5 min

Virtual Influencers: The New Faces of Retail Marketing

Welcome to the future!

Today, we live in a world where Artificial Intelligence is a part of our daily lives. As we move through the ever-changing technological environment, a(nother) all-new narrative has emerged in the world of Influencer Marketing… and its main characters are Virtual Influencers.

Virtual Influencers are fictional characters based upon computer-generated imagery.  They can be used for a wide variety of marketing-related purposes, but, for now, are most frequently deployed for Social Media Marketing, in lieu of their human counterparts. (for more details – check out our latest white paper here!). 

Creating successful Influencer Marketing Campaigns within the Beauty, Fashion, and Luxury Retail industries have long been an effective way to boost sales, as they offer a unique and creative way to showcase products, however, human Influencers come with several caveats.

For one, they like to be the center of attention, and have developed a reputation for challenging direction and production methods. Secondly, they are susceptible to the same human shortcomings as the rest of us, and – intentionally or otherwise – might initiate a PR scandal which negatively impacts the brand they were hired to represent. Additionally, human beings are all individuals, and therefore limited in terms of their abilities to represent inclusive demographics, genders, and ethnicities.

Virtual Influencers, on the other hand, can be created for the specific purpose of targeting an exact (and previously underrepresented) ethnic group or other demographic. They can have a fluid gender identity, speak any language you like,  and their appearance can be precisely modified depending on the specific needs a Brand may have for any given campaign. 

With Virtual Influencers, the possibilities are truly endless!

Here are some recent examples of Brands that have collaborated with VI’s.



The French Cosmetics Brand partnered with Dimensions Studios to create three distinct Virtual Influencers to target the US, UK, and China, respectively.  

“The Power Players”  featured a trio of popular Virtual Influencers,  Maxine, Chelsea, and Sissi – each with their own distinct look, diverse passions, vibrant personalities, and individual backstories.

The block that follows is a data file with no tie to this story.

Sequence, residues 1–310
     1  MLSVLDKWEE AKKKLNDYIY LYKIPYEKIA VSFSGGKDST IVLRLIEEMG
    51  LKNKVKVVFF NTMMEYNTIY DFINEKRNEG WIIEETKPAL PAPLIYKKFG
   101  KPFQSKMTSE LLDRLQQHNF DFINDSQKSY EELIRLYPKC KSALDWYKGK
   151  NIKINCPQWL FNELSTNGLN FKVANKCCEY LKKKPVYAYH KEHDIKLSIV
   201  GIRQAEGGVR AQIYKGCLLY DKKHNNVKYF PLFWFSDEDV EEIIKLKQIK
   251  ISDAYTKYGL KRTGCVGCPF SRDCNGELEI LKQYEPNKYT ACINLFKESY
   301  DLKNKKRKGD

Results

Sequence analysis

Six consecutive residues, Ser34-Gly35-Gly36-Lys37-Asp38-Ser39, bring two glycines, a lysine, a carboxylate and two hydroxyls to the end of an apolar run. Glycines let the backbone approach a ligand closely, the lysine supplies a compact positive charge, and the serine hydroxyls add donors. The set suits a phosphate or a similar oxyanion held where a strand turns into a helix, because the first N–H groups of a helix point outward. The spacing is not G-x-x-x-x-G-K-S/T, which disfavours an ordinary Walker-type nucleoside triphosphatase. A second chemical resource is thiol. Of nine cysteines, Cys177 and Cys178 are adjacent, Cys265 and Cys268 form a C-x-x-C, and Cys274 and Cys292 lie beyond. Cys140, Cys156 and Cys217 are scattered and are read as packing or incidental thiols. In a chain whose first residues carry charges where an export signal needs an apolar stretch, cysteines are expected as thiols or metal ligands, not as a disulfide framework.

The Power Players feature makeup looks created by NARS Global Artistic Director, Lena Koro and is a perfect example of how VIs can be used to target hyper-specific demographics. 

Essence Cosmetics

Essence partnered with Kubbco to create Kenna, a Virtual Influencer whose backstory was created to present her as an intern for the brand itself. 

Kenna’s very first post on Instagram generated more than 20,000 likes and immediately established an audience for her content.  According to Kubbco, she was the first VI ever created by a cosmetics company on Instagram. The campaign ended just as Kenna’s “internship” with Essence came to a close, but provided a clear path forward for this method of brand promotion in the future.  Indeed, the Kenna campaign has proven that using VI’s overall generates a higher engagement than average on Instagram, and likely across other social media channels as well.



Puma partnered with UM Studios x Ensemble Worldwide to launch ‘Mayaa’ – a Virtual Influencer representing the Brand in Southeast Asia. 

The specificity of the target audience led Puma to create Maya’s appearance based upon the collective facial features of millions of Southeast Asians, in order to generate a persona with maximum reach within the demographic. Her interests and content topics are derived from intensive social listening to ensure relevance, and she is carefully programmed to portray Southeast Asian values. By aligning its VI to the brand values of its target audience, Puma is playing an educated… and a winning game. 

Maya is relatable to consumers because her followers have had a first-hand look at her life from conception. Her story is also carefully constructed to cater to the Southeast Asian audience, meaning the emotional connection they have with her is on a much deeper level than with other influencers.” ~ Amit Sutha, Chief  Executive Officer at UM Studios & Ensemble Worldwide.

Hugo Boss

For the #BeYourOwnBoss campaign, Hugo Boss decided to “hire” two existing VIs, Imma and Nobody Sausage. 

According to Virtual Humans, Imma and Nobody Sausage posted a picture of themselves wearing a Boss branded hoodie on Instagram, tagging the brand and campaign in their posts. Together, the two posts generated roughly 27,300 likes and 238 comments, all from this single image upload. This campaign intended to split the 98-year-old luxury brand into two identities, Hugo and Boss, the former of which aims to connect with the younger Millennial and Gen Z generations, while the latter speaks to the older and established audience of this legacy label.  

Astrid Hiort

The implementation of Virtual Influencers is the future of successful brand marketing campaigns.  Their morphing capabilities allow them to leverage larger audiences, target niche groups, drive engagement, and execute more dynamic campaigns for Fashion, Beauty, and Luxury Retail brands. 

At Hylink, we’re committed to using technology to evolve the narrative of Influencer Marketing Campaigns by creating Virtual Influencers specifically built to align with your brand. Giving them a try just might deliver a powerhouse of content that can help you advance beyond ambition by reaching larger and more diverse audiences, and driving conversions.  

So, what are you waiting for???

Join our digital revolution today! 

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